Saturday, September 22, 2012

Hillcrest Investment Co., LLC v. UDOT, 2012 UT App 256 (Sept. 13, 2012)



In 2001, UDOT condemned some property located in Centerville, Utah, as part of the project to construct Legacy Parkway.  The owners of the property had  planned to develop a portion of their property into a business park, and they had already gone to the trouble of changing the zoning and obtaining city approval of their development plans prior to the condemnation.  However, the portion of the property designated for development could only be accessed one way - using a road that circumvented wetlands also located on the property.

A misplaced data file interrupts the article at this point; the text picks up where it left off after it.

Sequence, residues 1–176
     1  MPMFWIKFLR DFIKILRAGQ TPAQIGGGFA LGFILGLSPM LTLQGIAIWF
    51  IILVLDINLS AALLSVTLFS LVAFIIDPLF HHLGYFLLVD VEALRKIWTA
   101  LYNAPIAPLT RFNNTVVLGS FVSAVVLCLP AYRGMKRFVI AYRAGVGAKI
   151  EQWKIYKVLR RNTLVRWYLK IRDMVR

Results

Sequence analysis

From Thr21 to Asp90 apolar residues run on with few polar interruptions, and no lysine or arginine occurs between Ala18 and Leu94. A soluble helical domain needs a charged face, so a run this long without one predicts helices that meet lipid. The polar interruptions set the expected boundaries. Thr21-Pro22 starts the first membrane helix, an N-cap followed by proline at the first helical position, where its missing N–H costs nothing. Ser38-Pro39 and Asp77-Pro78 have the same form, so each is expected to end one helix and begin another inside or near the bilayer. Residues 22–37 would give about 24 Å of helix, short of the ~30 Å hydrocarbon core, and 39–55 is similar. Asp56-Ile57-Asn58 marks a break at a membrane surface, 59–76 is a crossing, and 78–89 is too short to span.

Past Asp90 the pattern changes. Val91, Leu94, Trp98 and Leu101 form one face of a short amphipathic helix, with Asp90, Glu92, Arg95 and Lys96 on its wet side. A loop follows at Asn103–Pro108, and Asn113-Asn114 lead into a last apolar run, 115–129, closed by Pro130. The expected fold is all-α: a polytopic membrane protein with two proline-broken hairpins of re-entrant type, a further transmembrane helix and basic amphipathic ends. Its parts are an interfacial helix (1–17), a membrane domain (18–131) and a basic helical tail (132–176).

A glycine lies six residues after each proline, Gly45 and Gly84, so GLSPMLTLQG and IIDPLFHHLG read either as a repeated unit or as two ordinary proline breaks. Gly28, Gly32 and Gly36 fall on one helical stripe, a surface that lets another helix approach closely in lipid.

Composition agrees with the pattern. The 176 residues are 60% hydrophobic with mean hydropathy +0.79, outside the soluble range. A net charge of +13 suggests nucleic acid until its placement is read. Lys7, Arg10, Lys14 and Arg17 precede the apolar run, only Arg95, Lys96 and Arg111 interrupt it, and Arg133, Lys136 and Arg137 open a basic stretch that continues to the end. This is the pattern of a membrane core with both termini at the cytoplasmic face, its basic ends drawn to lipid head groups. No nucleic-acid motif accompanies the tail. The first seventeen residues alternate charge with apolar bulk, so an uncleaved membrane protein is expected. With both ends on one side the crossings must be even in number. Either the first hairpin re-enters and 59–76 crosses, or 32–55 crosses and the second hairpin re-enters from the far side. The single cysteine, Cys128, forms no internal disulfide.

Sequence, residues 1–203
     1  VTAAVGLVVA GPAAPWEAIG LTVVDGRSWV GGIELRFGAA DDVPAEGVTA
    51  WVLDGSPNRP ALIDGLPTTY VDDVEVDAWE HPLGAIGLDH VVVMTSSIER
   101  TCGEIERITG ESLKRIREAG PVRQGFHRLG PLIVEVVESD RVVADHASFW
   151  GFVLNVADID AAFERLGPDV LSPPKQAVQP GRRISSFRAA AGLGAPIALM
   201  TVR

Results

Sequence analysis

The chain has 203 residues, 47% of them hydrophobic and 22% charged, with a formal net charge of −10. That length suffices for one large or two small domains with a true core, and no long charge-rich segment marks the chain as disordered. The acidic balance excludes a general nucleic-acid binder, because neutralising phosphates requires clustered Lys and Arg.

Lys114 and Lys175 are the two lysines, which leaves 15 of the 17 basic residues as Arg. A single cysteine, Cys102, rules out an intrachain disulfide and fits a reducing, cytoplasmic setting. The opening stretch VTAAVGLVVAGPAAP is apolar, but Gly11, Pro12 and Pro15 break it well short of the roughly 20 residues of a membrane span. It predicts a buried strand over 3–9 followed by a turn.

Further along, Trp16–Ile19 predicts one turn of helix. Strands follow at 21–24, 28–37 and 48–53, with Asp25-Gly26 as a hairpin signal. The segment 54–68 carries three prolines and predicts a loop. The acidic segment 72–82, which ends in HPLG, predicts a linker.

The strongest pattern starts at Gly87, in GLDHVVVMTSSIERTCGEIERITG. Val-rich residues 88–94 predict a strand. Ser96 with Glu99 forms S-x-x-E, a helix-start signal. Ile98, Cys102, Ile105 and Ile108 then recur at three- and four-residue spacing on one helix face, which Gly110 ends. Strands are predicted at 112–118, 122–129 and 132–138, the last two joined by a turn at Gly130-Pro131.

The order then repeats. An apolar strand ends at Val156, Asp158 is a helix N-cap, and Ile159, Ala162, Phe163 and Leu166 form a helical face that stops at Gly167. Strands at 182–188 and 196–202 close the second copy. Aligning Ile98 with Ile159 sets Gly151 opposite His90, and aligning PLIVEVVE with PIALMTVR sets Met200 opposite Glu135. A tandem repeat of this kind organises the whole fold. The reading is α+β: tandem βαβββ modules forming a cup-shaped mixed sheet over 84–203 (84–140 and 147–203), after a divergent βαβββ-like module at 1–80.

The owners discovered that the UDOT condemnation included the area where the access road was located, but UDOT represented that Legacy Parkway would include a frontage road that would allow access to the portion of the property designed for the business park.  The appraisal obtained by UDOT concluded that were would be no severance damages because UDOT would construct the access road at its own expense.  In the condemnation action that commenced in September 2001, UDOT submitted a map showing the proposed location of the frontage road and in subsequent negotiations, UDOT continued to represent that it would build the frontage road.  Based upon these representations, the property owners entered into a Right of Way Contract with UDOT, selling a portion of their property to UDOT, including the portion where the access road was located.